Skip to main content

Interview: June 4, 2015

Any Matt Coyle book reads like a Raymond Chandler novel, set in tony La Jolla adjacent to San Diego. You’ll be enthralled and intrigued, wince when Rick Cahill’s wrist is broken --- and tuck it away to read again or share with a friend. NIGHT TREMORS, Coyle's second in the hardboiled PI series following YESTERDAY'S ECHO, has Rick taking on “the ugly side of San Diego,” including a corrupt cop who wormed his way to the position of police chief. Coyle chats with’s Dean Murphy about the psyche of his protagonist, the craft of writing, his life as an author, and the power of the written word. YESTERDAY’S ECHO introduced Rick Cahill, a contemporary Philip Marlowe portrayed by Humphrey Bogart in the 1946 film noir, The Big Sleep. Please tell us more about Rick.

Matt Coyle: Rick is an ex-cop who, 10 years after the fact, is still a suspect in his wife’s murder. By the time NIGHT TREMORS begins, he is a private investigator working for a large agency in La Jolla. He’s making a lot of money, but unhappy that he’s stuck on the infidelity detail taking pictures of people doing what they shouldn’t. He has a dark history that grabs at him as he tries to redeem himself and make a life worth living.

BRC: dubbed you “a modern-day Raymond Chandler.” How did Chandler’s private investigator protagonist and staccato writing style influence you?

MC: Being compared to Raymond Chandler is the greatest compliment this writer can get. Thanks. I’m certainly not alone in being influenced by Chandler. He had a remarkable impact on the mystery genre, and even literature in general. His protagonist, Philip Marlowe, appealed to me because he did what he thought was right no matter the cost. Plus he always said the things I wished I could say if I had more guts, or wished I had said if I’d thought of it at the time.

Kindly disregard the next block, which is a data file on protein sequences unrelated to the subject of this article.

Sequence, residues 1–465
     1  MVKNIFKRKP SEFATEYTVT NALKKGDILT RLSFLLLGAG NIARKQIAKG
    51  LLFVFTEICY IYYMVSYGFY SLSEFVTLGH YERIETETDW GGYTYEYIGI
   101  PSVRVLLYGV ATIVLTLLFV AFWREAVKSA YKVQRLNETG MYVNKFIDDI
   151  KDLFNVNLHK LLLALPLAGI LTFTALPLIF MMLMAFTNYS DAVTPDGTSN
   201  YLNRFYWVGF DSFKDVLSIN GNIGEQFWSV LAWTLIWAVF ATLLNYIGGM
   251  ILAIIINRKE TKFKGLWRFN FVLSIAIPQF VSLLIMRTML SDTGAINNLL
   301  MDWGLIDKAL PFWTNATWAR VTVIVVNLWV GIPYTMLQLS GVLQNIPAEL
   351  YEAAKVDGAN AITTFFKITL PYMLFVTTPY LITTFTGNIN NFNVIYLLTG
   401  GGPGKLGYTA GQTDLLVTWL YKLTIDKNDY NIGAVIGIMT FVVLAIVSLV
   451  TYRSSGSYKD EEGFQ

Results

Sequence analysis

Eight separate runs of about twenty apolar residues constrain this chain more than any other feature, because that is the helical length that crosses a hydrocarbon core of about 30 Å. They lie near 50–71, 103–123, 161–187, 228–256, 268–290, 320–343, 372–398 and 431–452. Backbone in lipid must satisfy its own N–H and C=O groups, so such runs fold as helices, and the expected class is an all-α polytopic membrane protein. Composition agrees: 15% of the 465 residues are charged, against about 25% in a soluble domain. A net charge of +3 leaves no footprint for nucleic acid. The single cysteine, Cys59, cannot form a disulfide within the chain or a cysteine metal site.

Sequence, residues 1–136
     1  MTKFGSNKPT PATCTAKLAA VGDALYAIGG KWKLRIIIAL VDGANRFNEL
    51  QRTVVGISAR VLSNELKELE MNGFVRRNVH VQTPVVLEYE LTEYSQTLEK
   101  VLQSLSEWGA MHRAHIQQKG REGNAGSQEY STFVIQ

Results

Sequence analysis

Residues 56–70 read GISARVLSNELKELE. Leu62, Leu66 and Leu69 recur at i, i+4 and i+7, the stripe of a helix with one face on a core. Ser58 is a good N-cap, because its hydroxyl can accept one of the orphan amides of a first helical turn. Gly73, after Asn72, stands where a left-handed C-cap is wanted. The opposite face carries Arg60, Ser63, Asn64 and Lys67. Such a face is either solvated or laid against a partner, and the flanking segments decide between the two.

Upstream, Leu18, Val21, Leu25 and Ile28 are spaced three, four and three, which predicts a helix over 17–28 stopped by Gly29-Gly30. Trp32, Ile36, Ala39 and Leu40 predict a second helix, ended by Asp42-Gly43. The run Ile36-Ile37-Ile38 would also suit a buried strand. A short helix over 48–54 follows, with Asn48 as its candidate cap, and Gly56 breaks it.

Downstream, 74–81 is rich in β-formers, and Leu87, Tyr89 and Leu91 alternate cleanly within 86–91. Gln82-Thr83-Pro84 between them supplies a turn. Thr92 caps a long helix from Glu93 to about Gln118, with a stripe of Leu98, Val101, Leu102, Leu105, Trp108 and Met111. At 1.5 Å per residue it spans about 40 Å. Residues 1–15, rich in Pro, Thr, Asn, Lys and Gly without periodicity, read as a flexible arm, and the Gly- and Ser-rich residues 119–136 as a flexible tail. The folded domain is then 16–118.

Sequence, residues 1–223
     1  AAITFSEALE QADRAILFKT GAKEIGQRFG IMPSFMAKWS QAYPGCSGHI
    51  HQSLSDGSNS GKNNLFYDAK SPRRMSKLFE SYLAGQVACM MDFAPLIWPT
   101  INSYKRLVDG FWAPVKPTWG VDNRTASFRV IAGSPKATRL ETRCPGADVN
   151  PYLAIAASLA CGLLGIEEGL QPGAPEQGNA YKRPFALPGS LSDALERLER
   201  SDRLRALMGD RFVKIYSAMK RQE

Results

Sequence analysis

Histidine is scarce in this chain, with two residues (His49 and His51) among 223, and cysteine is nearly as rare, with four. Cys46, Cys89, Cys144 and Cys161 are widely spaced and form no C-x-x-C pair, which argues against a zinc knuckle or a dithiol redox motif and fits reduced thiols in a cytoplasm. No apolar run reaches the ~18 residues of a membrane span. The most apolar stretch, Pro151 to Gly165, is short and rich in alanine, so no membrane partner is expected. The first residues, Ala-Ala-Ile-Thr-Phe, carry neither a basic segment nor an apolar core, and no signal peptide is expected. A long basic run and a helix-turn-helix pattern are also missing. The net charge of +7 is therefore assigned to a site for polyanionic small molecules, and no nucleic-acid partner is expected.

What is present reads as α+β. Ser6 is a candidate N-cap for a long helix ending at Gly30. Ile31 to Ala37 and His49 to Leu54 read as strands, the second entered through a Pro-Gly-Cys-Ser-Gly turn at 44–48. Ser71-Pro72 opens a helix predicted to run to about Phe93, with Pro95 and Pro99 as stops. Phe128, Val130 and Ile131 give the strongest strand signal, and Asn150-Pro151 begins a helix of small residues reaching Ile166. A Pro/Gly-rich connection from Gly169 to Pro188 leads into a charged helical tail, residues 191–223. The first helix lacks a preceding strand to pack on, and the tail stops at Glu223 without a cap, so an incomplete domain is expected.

Regarding Chandler’s writing style, I don’t think it could or should be duplicated. It’s too good, too iconic, and the sole domain --- at least in novels --- of Philip Marlowe. I’m sure I picked up a lot from Chandler through osmosis after reading his novels and short stories, but I also read a lot of Ross Macdonald, Hemingway and Fitzgerald when I was young. No doubt, I’ve subconsciously stolen from all of them, and I’m grateful to have been raised in a family that revered the written word. If your subconscious is a thief, why not steal from the best? However, when I write, I hear the voice of Rick Cahill. When the line that would open my first novel, YESTERDAY’S ECHO, came to me after many revisions: The first time I saw her, she made me remember and she made me forget, I knew I had the voice of my protagonist.

BRC: Is it coincidence that Rick Cahill shares Chandler’s initials? Why choose that name?

MC: No coincidence. After blaming my subconscious for any theft of Chandler’s style in the previous answer, I consciously take full responsibility for stealing his initials. It’s an unapologetic nod to my biggest literary influence.

The actual choice of names took a while. I wanted a hard “C” sound and a last name of Irish origin. Rick actually had a different last name for a couple early versions of YESTERDAY’S ECHO. When I finally settled on Cahill, I was happy to learn that it meant “strong in battle.” Rick is not necessarily the strongest combatant in any battle, but he is resilient.

BRC: Why does Rick carry more baggage than a major airline?

MC: Rick, as the main character, sometimes makes bad decisions that have consequences he can never escape. I’m not a big fan of Hollywood endings; my favorite movie is Chinatown, if that tells you anything. A flawed protagonist is hardly original, but I try to be as realistic as possible in how I think Rick’s flaws would manifest themselves and the influence they would have on him. Plus, I think Rick’s flaws make him relatable. Everyone has done something in life they wish they could change. I know I have. Some that still make me cringe. What if a cringe was the best you could hope for?

BRC: Why construct a flawed personality like Timothy Buckley to be a main character?